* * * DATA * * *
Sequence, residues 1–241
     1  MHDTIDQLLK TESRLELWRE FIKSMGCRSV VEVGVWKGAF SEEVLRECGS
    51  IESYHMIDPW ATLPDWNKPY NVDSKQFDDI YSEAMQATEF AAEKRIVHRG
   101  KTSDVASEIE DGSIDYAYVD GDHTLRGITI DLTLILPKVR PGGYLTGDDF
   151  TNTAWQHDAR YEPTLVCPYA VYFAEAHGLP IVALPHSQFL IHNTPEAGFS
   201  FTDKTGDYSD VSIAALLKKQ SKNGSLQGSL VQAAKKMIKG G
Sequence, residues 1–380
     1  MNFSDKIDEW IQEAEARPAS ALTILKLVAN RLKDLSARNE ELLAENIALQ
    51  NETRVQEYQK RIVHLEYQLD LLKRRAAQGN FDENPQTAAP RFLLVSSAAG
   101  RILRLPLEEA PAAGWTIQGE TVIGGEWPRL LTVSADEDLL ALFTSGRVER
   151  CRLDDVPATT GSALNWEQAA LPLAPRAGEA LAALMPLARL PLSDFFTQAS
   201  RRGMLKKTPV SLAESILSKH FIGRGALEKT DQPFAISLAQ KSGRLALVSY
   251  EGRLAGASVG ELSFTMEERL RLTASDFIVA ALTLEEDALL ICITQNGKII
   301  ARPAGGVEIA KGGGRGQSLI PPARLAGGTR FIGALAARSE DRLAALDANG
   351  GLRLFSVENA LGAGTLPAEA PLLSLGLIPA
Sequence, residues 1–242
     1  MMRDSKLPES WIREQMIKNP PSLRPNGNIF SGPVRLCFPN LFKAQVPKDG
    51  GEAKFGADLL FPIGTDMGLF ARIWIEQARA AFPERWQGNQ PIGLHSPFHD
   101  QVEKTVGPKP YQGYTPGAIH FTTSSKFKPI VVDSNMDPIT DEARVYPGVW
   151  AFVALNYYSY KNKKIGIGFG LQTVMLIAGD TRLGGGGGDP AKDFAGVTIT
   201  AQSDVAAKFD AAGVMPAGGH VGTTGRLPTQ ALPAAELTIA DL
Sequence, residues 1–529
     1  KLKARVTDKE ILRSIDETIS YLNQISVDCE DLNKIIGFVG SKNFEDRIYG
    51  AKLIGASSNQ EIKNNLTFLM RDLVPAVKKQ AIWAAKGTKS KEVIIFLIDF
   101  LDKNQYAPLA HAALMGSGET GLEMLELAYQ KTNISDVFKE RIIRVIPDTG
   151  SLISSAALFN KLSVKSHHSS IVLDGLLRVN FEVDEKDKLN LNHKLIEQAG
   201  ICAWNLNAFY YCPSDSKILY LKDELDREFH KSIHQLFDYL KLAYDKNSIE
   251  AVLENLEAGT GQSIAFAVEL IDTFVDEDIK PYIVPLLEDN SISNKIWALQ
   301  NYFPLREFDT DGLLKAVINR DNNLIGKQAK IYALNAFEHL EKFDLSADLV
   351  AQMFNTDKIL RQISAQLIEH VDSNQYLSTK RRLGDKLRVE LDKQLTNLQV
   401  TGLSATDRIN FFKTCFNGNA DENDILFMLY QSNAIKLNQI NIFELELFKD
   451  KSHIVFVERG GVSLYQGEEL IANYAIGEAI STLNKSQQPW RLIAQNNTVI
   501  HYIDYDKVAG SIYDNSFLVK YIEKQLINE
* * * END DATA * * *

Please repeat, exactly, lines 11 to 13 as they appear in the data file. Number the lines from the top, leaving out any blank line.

   151  CRLDDVPATT GSALNWEQAA LPLAPRAGEA LAALMPLARL PLSDFFTQAS
   201  RRGMLKKTPV SLAESILSKH FIGRGALEKT DQPFAISLAQ KSGRLALVSY
   251  EGRLAGASVG ELSFTMEERL RLTASDFIVA ALTLEEDALL ICITQNGKII